Groups of children naturally form around special interests and can be briefly active or sustain an interest and be facilitated by one or more teachers on an ongoing basis. Groups can form at any time and be active at any time that the children are working. Members of the group can come from various learning groups and different ages within a classroom. Some interest groups develop complex projects and continue to work together for weeks or months. They can meet each day at project time, later in the afternoon, or as often as they and the teachers can arrange it.
Providing for and facilitating Interest Groups enables children to benefit from work on similar interests with other children who may or may not be in their structured Learning Groups and who may be of different ages. The mixing of interest groups, learning groups, free play times, and one-on-one times with teachers is a vital combination and variety of learning and development strategies that enhances individual and group growth every day.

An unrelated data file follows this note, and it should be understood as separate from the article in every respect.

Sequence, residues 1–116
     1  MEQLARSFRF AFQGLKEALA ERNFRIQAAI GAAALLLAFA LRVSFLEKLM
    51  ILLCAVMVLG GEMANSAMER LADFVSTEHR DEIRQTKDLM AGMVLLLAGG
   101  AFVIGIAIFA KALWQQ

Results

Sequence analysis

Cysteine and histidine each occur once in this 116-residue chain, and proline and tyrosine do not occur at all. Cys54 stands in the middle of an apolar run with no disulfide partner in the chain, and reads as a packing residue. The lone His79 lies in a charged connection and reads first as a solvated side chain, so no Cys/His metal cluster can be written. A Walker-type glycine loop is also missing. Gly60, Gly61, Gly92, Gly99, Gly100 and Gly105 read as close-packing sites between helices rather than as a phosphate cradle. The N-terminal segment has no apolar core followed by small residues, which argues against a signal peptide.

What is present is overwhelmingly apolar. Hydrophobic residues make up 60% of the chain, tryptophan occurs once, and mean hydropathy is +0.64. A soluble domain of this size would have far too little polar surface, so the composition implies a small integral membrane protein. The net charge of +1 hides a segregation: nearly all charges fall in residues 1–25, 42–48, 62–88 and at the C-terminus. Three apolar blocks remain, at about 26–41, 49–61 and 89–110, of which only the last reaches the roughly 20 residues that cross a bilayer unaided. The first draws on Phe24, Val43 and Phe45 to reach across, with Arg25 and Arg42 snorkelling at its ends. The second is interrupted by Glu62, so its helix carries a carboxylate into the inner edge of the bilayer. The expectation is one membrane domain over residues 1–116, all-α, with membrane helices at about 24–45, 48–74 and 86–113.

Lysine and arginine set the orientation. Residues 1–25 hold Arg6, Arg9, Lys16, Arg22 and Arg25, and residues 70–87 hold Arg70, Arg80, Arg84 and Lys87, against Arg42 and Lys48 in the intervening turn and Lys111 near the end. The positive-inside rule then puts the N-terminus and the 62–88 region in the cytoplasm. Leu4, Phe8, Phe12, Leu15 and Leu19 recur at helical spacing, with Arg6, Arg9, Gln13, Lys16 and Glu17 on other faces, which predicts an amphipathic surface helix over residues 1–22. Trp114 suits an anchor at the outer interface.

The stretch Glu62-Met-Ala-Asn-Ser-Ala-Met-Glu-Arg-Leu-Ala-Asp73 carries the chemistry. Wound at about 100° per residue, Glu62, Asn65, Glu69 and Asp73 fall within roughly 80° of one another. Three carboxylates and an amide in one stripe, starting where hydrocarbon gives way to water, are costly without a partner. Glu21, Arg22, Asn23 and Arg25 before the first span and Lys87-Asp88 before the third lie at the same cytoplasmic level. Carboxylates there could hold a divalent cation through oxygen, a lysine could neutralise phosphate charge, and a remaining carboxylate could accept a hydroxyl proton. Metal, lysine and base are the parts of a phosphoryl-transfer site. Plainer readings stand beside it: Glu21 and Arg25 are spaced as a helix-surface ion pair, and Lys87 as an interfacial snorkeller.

The Afternoon Program is a natural organizing structure for interest groups. Children can develop a common fascination there and/or use the time for meeting around their own individual interests. Most classrooms have planned an Afternoon Program that features special activities that repeat on the same day each week. The activities are usually planned in collaboration by the children and the teachers. The activity is offered somewhere in the classroom, and children can elect to participate or not, as they wish.
An example of a typical Afternoon Program for a classroom is:
Mondays Working with Clay
Tuesdays Painting on Unusual Surfaces
Wednesday Water Play and Explorations
Thursday Assemblies: Constructions, Collages, and Crumpled Objects
Fridays Disco Dancing
C5 features a curriculum primarily based on children's personal interests, fascinations, family cultural influences, and different learning styles. For infants and young toddlers, it often focuses on key developmental issues and rich and available sensory resources.More Information
Learning Groups work with their teachers in public to demonstrate how capable they are, to share what they care about, and to build related skills, knowledge, and attitudes. This group is performing a play for which they made costumes, props, scenery, and invitations.Apply Online
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